An ode to one of the weirdest teams in MLB history: The 2011 Twins
Get the 1500 ESPN SportsWire delivered to your inbox daily, and keep up with all the news in Twin Cities Sports
A spirited discussion about MLB payrolls on Twitter Wednesday night got me to thinking about the biggest dumpster fire in Minnesota Twins franchise history:
That 2011 collection that went 63-99 with a franchise-record $113 million payroll.
Yes, the most expensive Twins team in history is also the Twins team that lost the second-most games in team history.
The premise of the Twitter payroll discussion revolved around some knucklehead taking the opportunity to boast, "See?!? Payroll matters!" shortly after the St. Louis Cardinals ($116 million) knocked the Pittsburgh Pirates ($66 million) out of the playoffs. Because, of course, why celebrate teams like the Pirates, Indians, Rays and A's for winning 90 games on shoestring budgets when we can instead discredit them when they lose in Game 5? Anywho...
We look back at the 2011 Twins with disdain, and rightfully so. How could they lose 99 games while spending that much money? How could a team that was competitive for a decade have its foundation crumble so suddenly?
The main thread coming out of spring training that season wasn't, "How can the Twins win the division?" It was, "When the Twins get back to the playoffs, will they finally be able to get past the Yankees?"
Due to multiple injuries, young players falling flat on their faces, and one particular chain-smoking import taking too many groundballs off his chest, the Twins turned into one of baseball's biggest embarrassments.
But here's the weird part about the hapless, franchise-altering 2011 Twins:
For a two-month stretch, they somehow played like the best team in baseball.
After losing three straight games in Detroit to drop to 17-37 - with funeral music figuratively blaring out of the visitor's clubhouse at Comerica -- the Twins headed to Kansas City on June 2 staring at a 16.5-game deficit in the American League Central. From that point forward, the Twins embarked on an incredible stretch of baseball, winning 15 out of 17 games to pull back to within seven games of .500 (32-39) and 6.5 games out of first place. The last win during this stretch took place in San Francisco, where the Twins scored eight runs in the top of the first inning off Madison Bumgarner.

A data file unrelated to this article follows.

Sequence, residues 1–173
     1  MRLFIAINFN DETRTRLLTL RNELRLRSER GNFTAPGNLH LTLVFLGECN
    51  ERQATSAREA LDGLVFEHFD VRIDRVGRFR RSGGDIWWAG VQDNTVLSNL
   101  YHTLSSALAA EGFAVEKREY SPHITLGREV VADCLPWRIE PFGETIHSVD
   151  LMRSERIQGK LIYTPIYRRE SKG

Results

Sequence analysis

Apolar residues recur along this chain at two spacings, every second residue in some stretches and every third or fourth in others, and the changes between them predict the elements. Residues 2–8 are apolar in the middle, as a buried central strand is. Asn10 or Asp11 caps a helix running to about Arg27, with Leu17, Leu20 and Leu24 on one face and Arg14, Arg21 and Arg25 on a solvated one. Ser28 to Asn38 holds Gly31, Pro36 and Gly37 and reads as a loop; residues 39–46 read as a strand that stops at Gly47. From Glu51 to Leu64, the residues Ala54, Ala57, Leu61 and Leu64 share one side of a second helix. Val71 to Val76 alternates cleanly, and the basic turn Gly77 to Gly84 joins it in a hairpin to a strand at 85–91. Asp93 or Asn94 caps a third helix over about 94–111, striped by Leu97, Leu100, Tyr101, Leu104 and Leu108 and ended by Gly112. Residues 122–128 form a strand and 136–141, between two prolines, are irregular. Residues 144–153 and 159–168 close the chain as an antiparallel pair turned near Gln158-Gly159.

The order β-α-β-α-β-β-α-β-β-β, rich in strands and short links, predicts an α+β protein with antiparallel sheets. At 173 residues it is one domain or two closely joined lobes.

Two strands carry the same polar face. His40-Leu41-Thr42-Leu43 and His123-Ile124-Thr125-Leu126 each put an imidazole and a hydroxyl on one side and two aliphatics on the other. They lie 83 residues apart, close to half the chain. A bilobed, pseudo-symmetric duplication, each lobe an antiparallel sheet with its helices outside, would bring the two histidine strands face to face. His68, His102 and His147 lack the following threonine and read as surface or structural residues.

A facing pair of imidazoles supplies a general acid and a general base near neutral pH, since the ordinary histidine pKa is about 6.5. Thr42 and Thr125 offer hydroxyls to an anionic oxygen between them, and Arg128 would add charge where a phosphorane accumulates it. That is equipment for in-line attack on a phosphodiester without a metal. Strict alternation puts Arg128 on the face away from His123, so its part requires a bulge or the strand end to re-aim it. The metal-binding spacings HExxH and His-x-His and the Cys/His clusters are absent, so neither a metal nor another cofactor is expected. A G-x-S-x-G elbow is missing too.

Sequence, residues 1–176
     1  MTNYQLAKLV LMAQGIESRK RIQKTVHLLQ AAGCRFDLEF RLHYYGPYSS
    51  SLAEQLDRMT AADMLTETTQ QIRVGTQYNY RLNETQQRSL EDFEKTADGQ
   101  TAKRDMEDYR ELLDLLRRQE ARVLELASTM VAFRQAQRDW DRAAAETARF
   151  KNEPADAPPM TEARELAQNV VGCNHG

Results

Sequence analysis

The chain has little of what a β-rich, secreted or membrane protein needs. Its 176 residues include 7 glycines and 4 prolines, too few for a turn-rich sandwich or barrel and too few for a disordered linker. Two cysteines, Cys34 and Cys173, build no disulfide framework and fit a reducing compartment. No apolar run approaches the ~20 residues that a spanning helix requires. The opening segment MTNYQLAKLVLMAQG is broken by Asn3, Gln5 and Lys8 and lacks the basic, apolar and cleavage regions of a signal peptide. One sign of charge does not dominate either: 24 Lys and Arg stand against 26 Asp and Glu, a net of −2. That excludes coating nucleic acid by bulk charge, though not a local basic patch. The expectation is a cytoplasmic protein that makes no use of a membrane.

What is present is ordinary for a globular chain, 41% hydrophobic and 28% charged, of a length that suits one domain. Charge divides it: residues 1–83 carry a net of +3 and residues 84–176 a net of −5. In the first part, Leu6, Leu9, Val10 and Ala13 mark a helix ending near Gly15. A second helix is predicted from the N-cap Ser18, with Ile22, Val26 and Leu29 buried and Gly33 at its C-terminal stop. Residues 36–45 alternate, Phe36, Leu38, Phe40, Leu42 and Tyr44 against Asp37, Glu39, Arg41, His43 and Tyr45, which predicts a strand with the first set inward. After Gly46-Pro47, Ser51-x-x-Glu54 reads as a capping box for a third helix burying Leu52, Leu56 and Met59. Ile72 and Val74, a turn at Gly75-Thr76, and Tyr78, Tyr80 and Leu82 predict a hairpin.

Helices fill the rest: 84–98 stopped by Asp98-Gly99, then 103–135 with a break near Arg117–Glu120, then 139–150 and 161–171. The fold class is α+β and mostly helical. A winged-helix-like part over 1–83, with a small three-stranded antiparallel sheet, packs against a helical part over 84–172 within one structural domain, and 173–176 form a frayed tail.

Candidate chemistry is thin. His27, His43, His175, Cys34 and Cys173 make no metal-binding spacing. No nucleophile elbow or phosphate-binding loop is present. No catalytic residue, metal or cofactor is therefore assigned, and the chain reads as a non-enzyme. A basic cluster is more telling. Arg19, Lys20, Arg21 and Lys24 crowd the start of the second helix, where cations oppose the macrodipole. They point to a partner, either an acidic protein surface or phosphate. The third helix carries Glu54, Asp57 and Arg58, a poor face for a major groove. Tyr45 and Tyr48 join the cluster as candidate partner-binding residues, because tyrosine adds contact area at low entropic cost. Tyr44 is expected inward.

It's also possible this may or may not have been the birthplace of the #ItsHappening hashtag.
The Giants went on to win the final two games of that series, and the Twins followed up by losing three in Milwaukee and another one at home to the Dodgers, 15-0, to come crashing back to earth.
But then, from June 28 through July 17, the Twins won 12 out of 16, bringing them to within five games of .500 (44-49) and five games of first place in the division.
To add more fuel to this improbable fire, it was believed that Joe Mauer ("bilateral leg weakness"), Jason Kubel (foot), Denard Span (concussion) and Justin Morneau (everything) would all be getting back to full strength as the second half of the season progressed, thus further solidifying the Twins' lineup for another stretch run.
It was truly one of the most bizarre stretches of baseball in recent MLB history.
The Twins managed to hang around for a couple more weeks, into August, before the carriage turned back into a pumpkin, but from July 30 through the end of the season they won just 13 more games.
Other fun facts about the 2011 Twins:
• Outside of those two aforementioned improbable June and July stretches, the Twins went just 36-93.
• The Twins went 6-20 in September and 7-21 in August.
• The Twins had a losing streak of nine in May, and another losing streak of 11 in September. The Twins also had a winning streak of eight in June.
• The Twins lost 99 games, yet they weren't sellers at the July 31 trade deadline.
• Nick Blackburn's ERA was 3.15 on June 22.
• Francisco Liriano threw a no-hitter in Chicago on May 3.